Make sure the snack foods you buy (such as granola bars or pretzels) have fewer than 300 milligrams of sodium to help you maintain a healthy salt intake. Keep your sodium intake around 700 mg at meals (such as a frozen burrito or canned soup), In their recommendation, Batayneh and Harris-Pincus say.
Sugar, starch, and fiber are the three forms of carbohydrates that can be seen on a nutrition label. Blood sugar levels are increased by 1 and 2, but not by 3. (see below). To keep track of refined carbs if your doctor has instructed you to do so, for example, if you have diabetes, you can use the number of grams listed.
Do not join the low-carb bandwagon without first talking to your doctor or a certified dietitian, as most people benefit from eating a diet high in complex carbs and whole grains.
If it has a respectable quantity of fiber, it’s not just empty calories in a pretty package. By preventing blood sugar rises and keeping you feeling content for longer, fiber can help curb your appetite for unhealthy snacks later on.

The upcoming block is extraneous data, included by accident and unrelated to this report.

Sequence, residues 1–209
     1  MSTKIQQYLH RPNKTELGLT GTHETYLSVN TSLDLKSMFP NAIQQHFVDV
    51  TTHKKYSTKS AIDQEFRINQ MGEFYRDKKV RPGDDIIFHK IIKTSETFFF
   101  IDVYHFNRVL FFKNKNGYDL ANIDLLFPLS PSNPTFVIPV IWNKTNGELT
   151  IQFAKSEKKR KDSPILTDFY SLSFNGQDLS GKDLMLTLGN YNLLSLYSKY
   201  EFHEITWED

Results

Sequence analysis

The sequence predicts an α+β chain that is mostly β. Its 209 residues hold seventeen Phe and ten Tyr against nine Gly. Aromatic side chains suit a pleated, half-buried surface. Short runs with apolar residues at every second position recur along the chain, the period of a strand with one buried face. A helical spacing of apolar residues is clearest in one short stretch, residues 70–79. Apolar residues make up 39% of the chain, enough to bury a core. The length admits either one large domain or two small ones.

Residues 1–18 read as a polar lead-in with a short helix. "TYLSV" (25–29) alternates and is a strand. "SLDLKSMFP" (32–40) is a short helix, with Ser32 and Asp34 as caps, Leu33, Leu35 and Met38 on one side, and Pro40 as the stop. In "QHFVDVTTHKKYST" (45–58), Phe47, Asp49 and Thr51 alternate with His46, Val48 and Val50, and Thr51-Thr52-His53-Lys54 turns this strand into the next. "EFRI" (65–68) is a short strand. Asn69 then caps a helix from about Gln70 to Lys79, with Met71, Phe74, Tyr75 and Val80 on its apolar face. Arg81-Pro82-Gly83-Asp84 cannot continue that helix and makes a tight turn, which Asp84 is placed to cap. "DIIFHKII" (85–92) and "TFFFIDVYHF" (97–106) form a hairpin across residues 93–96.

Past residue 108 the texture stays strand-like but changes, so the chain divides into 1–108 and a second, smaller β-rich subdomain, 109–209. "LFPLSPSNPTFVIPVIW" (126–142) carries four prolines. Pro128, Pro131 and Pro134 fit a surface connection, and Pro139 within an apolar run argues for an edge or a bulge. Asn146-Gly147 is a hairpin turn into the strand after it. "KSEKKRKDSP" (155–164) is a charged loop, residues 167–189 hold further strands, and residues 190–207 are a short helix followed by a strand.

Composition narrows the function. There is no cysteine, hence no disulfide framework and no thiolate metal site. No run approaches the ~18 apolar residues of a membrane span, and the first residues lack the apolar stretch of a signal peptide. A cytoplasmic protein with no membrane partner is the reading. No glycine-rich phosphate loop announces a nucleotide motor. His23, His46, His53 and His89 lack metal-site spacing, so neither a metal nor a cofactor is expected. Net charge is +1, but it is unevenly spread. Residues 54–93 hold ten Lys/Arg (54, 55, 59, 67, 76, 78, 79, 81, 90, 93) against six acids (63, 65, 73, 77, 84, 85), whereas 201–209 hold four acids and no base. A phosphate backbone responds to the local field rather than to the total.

Most nutrients have a “more is better” principle, although fiber is one exception. At least 25 grams of fiber per day is suggested by the American Heart Association. Get advice from your doctor on what you specifically require.
Rule of thumb: cereals (such as whole wheat pasta or mac and cheese) should have at least 4 grams of fiber per serving, whereas packaged snacks and bread should have at least 3 grams of fiber per serving.
In general, you should limit your intake of added sugar, which is intentionally added to many foods and drinks by manufacturers. A recent update to nutritional labels makes it easier to identify the origin of added sugars. The new labels break down the amount of sugar in each serving into two categories: added sugar and total sugar.
Milk (a kind of lactose) and fruit are two examples of foods that contain naturally occurring sugars (fructose). There is a wide variety of naming conventions for added sugars. High fructose corn syrup and other sugars ending in “ose” are two examples (like glucose, fructose, sucrose, dextrose, and maltose).